Mortgage News>> Market Update January 2023
COMMENTARY: THE YEAR AHEAD
For nearly 20 years I have been creating a Market Update for my previous, current, and prospective clients – as well as for my employees, and my mortgage family.
This monthly exercise is not to provide entertainment, nor to sell you a home or mortgage. It is simply to educate. To do my very best to gather information and data to help people make better, and more informed financial decisions, predominately pertaining to real estate. To create a more personal, human interaction with people regarding home financing.
January’s Market Update is not doom and gloom. The information is either factual (what is happening now), and/or speculation based on a lot of data we know to be true today. No one is forecasting a catastrophic event, only challenging times ahead. Staying educated is your best tool to navigate good times and bad. I hope to inspire critical thinking and help enable all to become more financially fit. Often what you need to hear, you may not want to hear. Is 2023 a great time to purchase a home? For some.
Dive into the market update below for a look into what promises to be an interesting year in the very least.Aaron VanTrojen
CEO, Geneva Financial
Turbulent times lie ahead for the U.S. economy and housing. The Fed continues its fight to stomp out run-away inflation while trying to prevent another recession. The stock market swings back and forth as speculation runs wild. The unknown builds and consumers begin to hunker down; potentially creating a self-fulfilling prophecy. The year has just begun, and there are so many unforeseen events that lie ahead, but here are some likely scenarios based on the information that we have today.
Inflation is still high. The Fed target is 2.0%, currently hovering around 7.0%. While the economy is cooling, more rate hikes are on the way. The Fed meets again on January 31st through February 1st and will likely announce a 25 BPS – 50 BPS short-term rate hike. Their words will have a greater impact on the markets than an already anticipated hike. If the economy continues to show signs of weakness, the Fed may hint at a near-term pause on financial tightening. It is still anticipated that any loosening will not occur until late 2023, or early 2024.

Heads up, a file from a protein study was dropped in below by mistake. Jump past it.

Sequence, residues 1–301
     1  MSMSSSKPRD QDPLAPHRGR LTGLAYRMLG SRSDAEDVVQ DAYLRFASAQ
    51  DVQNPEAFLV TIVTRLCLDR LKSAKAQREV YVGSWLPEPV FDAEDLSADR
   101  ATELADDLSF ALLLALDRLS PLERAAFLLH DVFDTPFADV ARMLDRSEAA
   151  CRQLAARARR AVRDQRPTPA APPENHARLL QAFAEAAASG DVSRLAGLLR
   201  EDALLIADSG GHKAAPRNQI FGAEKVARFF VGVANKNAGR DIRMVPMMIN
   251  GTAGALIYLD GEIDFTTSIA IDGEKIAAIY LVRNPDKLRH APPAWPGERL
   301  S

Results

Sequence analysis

A recession is almost imminent. A mild recession could be a healthy reset of the economy. Any recession will cost jobs, but the job market is still too hot. A recession will also lead to lower interest rates. Short term, and long-term. This creates a cycle of economic growth once again. If the Fed does navigate a mild recession, the positive effects of that recession on the economy will not likely be felt until 2024.
Home values are falling and will continue to fall for the foreseeable future. Home value experienced 40% appreciation in 2020-2021 – a rate that is unhealthy and entirely unsustainable. Housing is the commodity that experienced the greatest inflation. If values fell 15% nationwide, we would be testing a “healthy” market. For homebuyers, this is great news. Today prospective buyers can make offers under list price, and request seller concessions to help lower interest rates and improve affordability. It is a buyer’s market and will likely last through much of 2023.
When the Fed pivots and moves to financial easing to either prevent or pull us out of recession, long-term interest rates will start to pull back. Assuming the job market is not in a dire situation and we have avoided a deep recession, home buyers will grow in numbers and the demand for housing will return. Because most home builders have decreased or stalled production, a housing shortage will once again present itself. Values stand to surge again as lack of inventory will become a pain point. Bad for buyers. Good for homeowners. The cycle continues. Based on information available today, this is not anticipated to happen until sometime in 2024.
Remember, everything is speculative and can change at a moment’s notice due to some unforeseen event; or potentially something that has been staring us in the face the whole time. Listen closest to the things you do not want to hear.
JOB MARKET IS WAY TOO HOT
On Thursday, January 5th the Dow plunged nearly 340 points due to an extremely strong jobs report. Private payroll grew by 235,000 in December, far higher than the Dow Jones estimate of only 150,000. While that may seem counterintuitive, the Fed, in its fight to pull back inflation, has been working tirelessly to cool the job market. Strong job growth will lead to higher rates. Higher rates increase costs to businesses.
The economy is still way too hot. The stronger than expected jobs report increases the likelihood of another rate hike in February. It will also influence the size of that rate hike.
UNDERWATER AND DROWNING
A recent study provided by Black Knight found that 1 in 12 homes purchased in 2022 are already underwater. Meaning the homeowner now owes more than the home is worth. If the economy stays relatively strong, this will not pose a big threat to US housing. If we fall into a deep recession, a surge in foreclosures may come to fruition.